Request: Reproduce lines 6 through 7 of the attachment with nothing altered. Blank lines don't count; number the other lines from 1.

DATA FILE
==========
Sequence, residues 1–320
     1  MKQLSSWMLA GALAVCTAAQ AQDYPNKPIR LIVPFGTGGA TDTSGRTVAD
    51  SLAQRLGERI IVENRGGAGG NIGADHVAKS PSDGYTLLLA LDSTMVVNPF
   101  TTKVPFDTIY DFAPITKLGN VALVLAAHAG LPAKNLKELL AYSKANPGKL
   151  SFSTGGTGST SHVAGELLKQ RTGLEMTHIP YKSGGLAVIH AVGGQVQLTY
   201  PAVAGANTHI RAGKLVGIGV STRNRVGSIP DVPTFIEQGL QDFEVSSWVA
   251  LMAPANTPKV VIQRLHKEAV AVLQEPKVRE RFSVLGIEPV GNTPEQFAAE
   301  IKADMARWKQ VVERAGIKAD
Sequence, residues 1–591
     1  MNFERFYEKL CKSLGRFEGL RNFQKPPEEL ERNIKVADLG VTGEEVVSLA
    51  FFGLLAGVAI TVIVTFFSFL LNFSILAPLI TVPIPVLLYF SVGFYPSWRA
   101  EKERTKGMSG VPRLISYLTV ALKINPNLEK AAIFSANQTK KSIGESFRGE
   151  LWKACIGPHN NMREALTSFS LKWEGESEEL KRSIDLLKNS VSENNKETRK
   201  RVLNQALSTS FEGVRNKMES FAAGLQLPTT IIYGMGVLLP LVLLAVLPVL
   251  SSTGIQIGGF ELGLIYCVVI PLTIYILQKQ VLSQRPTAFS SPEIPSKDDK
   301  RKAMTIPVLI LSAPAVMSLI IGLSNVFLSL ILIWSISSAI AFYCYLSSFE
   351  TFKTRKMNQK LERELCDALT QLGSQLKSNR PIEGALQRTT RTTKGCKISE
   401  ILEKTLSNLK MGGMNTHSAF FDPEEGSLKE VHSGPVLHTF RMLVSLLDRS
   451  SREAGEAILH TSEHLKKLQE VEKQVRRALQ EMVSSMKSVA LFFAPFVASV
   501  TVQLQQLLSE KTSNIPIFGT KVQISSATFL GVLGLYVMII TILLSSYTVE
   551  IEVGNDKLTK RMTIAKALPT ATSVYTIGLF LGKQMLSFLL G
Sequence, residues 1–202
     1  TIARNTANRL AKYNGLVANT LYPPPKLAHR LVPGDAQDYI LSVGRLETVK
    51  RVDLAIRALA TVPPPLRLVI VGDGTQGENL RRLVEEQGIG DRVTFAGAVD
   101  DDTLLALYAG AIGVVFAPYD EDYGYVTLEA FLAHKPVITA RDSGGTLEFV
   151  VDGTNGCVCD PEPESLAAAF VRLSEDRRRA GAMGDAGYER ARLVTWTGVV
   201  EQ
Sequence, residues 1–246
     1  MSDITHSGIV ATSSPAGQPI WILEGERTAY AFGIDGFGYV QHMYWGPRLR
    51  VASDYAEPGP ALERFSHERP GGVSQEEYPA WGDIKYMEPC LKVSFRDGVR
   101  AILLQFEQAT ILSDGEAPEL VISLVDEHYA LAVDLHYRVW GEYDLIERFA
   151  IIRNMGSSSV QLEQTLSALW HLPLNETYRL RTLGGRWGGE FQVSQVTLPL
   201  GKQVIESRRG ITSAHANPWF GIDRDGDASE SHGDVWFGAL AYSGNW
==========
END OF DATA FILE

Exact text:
   201  PAVAGANTHI RAGKLVGIGV STRNRVGSIP DVPTFIEQGL QDFEVSSWVA
   251  LMAPANTPKV VIQRLHKEAV AVLQEPKVRE RFSVLGIEPV GNTPEQFAAE